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The Universal Declaration of Human Rights

The Universal Declaration of Human Rights (UDHR) is a document that was adopted by the UN on 10 Dec 1948. It highlighted the rights and freedoms of all human beings and it has become one of the most important documents about Human rights at the time.

Under the context of WW2, some countries recognized the importance of freedom of speech, freedom of religion, freedom from fear, as well as freedom from want. In order to reaffirm and promote the above values to the general public, the drafting committee drafted and ratified the Declaration in 1948 to preserve human rights and fundamental freedoms for all without distinction as to race, sex, language, or religion. All member states at the time voted in favor of the declaration, marking it as the groundbreaking universal set of principles for all humans.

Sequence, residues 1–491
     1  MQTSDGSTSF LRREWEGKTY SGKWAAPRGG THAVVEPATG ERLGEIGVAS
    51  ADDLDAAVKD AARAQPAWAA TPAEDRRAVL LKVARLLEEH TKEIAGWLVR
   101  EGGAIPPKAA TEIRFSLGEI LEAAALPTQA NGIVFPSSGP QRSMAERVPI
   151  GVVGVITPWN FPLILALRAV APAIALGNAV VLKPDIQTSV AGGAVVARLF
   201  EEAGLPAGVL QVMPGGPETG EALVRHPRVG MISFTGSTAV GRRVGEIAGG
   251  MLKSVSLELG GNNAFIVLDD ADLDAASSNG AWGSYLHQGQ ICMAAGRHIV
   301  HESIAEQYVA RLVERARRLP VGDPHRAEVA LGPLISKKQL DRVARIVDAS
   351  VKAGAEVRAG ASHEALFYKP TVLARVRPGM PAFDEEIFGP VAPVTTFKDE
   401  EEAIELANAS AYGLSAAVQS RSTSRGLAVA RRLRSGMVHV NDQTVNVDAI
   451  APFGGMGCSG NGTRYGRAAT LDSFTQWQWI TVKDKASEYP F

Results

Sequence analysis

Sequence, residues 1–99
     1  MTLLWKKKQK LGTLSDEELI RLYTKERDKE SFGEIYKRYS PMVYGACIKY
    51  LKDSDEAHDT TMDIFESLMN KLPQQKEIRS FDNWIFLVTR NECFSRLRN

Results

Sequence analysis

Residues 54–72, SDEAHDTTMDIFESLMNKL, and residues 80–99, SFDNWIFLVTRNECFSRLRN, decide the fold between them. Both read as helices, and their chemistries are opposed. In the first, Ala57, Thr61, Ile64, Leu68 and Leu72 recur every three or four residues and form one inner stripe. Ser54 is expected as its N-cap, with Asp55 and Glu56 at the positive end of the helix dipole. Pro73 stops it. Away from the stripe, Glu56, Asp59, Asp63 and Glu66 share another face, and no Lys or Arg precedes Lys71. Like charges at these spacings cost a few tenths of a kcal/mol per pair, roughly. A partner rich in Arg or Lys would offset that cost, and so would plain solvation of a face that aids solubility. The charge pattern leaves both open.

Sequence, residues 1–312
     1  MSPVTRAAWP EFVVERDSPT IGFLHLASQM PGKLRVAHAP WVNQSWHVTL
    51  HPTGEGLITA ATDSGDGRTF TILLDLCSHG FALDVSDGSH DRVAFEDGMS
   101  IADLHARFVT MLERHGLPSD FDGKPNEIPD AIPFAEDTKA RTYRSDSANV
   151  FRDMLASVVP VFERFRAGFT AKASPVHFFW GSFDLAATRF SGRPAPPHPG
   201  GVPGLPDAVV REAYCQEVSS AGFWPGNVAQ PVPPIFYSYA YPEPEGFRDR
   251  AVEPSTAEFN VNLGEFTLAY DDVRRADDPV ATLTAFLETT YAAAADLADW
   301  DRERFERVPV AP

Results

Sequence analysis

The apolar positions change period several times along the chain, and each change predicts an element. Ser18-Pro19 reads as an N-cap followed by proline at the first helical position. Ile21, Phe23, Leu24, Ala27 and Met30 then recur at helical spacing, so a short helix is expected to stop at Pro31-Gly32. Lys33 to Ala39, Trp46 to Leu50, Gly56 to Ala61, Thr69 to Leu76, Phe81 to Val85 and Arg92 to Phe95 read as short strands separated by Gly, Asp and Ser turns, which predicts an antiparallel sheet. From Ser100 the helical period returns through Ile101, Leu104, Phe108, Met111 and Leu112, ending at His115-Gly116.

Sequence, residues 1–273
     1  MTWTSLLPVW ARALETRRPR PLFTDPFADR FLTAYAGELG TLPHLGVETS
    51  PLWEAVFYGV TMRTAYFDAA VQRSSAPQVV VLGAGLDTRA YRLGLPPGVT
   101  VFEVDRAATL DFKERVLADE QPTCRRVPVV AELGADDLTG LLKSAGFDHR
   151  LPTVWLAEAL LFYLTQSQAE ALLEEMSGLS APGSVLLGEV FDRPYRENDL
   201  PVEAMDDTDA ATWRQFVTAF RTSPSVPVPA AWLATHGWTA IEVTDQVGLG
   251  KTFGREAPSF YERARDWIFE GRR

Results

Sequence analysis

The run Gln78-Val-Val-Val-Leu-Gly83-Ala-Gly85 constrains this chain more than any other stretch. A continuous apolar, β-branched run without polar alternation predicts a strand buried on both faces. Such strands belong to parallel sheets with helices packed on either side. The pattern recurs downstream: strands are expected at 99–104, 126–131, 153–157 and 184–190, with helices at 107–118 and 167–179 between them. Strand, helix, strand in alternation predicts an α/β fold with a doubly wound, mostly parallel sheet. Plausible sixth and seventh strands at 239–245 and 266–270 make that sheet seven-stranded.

The Universal Declaration of Human Rights stated the faith in fundamental human rights, including the right to life, freedom of opinion and expression, political participation, privacy, freedom of association, etc. Besides, it also illustrated different protection, such as protection of the law, protection against unemployment, social protection, and so on.

It is also vital to note that the Universal Declaration of Human Rights is a nonbinding document. However, it contains several terms that are also written in other international instruments that are legally binding.

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